Purchase this article with an account.
Katharina Hein, Ivana Gadjanski, Benedikt Kretzschmar, Katharina Lange, Ricarda Diem, Muriel B. Sättler, Mathias Bähr; An Optical Coherence Tomography Study on Degeneration of Retinal Nerve Fiber Layer in Rats with Autoimmune Optic Neuritis. Invest. Ophthalmol. Vis. Sci. 2012;53(1):157-163. doi: https://doi.org/10.1167/iovs.11-8092.
Download citation file:
© ARVO (1962-2015); The Authors (2016-present)
The aim of the present study was to evaluate the ability and accuracy of spectral domain optical coherence tomography (OCT) for in vivo monitoring of retinal ganglion cell degeneration in a rat model of myelin oligodendrocyte glycoprotein-induced optic neuritis.
First, OCT imaging was established for imaging of all retinal layers in Brown Norway rats. Second, thickness measurements of retinal nerve fiber layer (RNFL) were performed by periodically imaging during the development and progression of autoimmune optic neuritis. Third, the reproducibility of OCT measurements was determined by comparing RNFL measurements of two independent investigators. Fourth, OCT data were correlated with histopathology obtained ex vivo after the final imaging session.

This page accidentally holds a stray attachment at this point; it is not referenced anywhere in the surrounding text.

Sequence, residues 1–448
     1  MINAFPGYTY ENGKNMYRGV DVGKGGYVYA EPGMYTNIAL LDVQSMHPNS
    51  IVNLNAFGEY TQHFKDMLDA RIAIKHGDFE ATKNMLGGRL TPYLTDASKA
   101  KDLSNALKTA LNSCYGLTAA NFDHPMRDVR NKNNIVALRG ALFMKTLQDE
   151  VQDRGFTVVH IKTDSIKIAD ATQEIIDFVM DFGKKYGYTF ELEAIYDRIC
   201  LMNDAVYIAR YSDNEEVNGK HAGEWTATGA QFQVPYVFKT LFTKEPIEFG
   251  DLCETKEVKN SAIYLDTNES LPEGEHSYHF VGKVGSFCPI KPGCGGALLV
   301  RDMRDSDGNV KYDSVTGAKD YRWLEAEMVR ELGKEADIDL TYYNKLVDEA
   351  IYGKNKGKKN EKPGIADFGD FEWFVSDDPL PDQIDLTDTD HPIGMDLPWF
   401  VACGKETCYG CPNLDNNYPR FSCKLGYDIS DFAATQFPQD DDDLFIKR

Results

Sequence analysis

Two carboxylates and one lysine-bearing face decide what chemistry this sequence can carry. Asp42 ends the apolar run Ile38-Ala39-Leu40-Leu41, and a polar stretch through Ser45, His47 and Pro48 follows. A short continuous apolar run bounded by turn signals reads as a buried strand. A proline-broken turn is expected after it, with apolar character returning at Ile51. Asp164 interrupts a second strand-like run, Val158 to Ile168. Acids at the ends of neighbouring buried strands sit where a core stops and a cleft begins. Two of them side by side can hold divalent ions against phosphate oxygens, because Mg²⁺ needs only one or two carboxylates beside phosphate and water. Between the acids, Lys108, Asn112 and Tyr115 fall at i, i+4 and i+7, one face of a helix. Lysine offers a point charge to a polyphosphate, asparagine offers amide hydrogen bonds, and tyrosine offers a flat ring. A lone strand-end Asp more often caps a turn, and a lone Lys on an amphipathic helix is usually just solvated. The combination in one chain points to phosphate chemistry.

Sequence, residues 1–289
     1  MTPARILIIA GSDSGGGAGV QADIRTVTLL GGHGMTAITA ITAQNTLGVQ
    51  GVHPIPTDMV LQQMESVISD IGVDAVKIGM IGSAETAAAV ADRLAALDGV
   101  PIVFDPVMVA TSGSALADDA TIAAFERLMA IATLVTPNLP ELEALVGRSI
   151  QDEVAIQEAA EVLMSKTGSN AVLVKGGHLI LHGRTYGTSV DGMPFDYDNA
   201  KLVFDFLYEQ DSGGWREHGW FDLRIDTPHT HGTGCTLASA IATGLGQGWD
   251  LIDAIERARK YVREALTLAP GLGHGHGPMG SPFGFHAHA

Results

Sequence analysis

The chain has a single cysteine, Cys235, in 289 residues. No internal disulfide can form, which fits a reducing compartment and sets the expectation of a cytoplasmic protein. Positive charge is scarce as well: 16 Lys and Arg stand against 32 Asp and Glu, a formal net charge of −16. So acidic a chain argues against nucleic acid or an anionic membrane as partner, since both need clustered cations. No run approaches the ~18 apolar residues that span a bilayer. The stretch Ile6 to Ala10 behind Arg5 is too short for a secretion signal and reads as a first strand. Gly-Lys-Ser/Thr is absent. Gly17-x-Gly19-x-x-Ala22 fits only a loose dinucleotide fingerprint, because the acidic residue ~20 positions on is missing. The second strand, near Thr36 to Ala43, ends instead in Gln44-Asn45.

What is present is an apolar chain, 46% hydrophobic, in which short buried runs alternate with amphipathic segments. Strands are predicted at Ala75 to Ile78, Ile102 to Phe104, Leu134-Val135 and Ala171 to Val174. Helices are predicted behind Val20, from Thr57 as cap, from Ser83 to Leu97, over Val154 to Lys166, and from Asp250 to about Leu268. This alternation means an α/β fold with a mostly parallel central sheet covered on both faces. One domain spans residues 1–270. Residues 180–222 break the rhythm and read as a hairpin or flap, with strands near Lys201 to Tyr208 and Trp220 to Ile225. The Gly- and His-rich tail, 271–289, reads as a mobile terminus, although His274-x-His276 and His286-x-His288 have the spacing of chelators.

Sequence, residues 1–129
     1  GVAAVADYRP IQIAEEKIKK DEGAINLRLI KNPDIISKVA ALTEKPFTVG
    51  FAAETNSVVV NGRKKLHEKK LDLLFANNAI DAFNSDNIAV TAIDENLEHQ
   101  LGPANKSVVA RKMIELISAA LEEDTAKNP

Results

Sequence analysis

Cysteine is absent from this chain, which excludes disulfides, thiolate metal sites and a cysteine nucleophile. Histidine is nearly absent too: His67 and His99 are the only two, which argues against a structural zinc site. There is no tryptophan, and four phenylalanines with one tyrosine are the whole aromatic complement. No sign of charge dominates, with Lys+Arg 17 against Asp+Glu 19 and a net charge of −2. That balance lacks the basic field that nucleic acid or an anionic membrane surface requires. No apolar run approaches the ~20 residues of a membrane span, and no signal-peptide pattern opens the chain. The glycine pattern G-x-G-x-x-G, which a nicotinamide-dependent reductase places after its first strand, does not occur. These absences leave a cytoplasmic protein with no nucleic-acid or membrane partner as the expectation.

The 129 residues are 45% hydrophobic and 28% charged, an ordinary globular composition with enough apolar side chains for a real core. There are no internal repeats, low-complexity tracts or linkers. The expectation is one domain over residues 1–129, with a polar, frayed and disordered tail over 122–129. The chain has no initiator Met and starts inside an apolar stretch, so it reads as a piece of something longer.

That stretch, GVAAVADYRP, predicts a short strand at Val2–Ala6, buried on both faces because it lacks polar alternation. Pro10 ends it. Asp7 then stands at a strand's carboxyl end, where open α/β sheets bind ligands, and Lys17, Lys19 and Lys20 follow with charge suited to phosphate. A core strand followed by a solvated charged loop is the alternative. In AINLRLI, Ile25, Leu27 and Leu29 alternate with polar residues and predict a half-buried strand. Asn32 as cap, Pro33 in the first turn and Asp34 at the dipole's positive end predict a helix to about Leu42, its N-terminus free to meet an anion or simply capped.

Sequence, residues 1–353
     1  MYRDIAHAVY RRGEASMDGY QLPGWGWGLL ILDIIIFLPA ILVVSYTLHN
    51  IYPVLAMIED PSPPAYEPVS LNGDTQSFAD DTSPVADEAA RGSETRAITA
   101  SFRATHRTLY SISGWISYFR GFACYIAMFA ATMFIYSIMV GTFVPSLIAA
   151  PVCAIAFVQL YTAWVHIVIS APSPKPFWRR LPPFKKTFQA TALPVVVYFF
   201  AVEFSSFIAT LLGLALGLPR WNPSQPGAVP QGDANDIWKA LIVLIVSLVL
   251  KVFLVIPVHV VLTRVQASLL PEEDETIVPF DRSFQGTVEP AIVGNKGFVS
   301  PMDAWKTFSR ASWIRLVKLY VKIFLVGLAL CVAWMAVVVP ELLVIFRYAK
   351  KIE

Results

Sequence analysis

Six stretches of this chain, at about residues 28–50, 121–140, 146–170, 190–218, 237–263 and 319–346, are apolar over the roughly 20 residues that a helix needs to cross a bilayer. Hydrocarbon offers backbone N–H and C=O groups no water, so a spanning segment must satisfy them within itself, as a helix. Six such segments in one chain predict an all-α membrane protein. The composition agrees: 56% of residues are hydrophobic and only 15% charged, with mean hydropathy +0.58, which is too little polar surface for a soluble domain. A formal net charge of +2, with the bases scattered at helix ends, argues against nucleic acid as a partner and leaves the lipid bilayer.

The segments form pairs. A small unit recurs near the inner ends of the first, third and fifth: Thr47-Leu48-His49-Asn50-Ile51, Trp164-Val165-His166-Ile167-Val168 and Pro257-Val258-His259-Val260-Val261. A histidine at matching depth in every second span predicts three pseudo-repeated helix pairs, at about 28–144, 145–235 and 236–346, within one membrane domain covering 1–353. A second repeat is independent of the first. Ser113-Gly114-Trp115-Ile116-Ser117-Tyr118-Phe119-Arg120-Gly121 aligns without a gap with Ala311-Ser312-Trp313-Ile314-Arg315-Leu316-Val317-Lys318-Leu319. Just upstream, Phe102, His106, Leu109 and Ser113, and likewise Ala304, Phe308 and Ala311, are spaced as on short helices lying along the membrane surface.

Results showed that RNFL thickness declined significantly before clinical manifestation of the disease and decline progresses continuously during the disease course. RNFL thickness measured by OCT had good repeatability and also corresponded with histomorphometric measurements. The reproducibility was limited because of the post-processing analyses performed by manual measurements.
In summary, it is shown here for the first time that OCT can reliably monitor neurodegeneration in an experimental model of autoimmune optic neuritis in rodents. Moreover, in comparing RNFL thickness decline with histopathological analyses of the optic nerve, these results suggest an early, and in part, inflammation-independent process of RNFL degeneration in autoimmune optic neuritis.
This PDF is available to Subscribers Only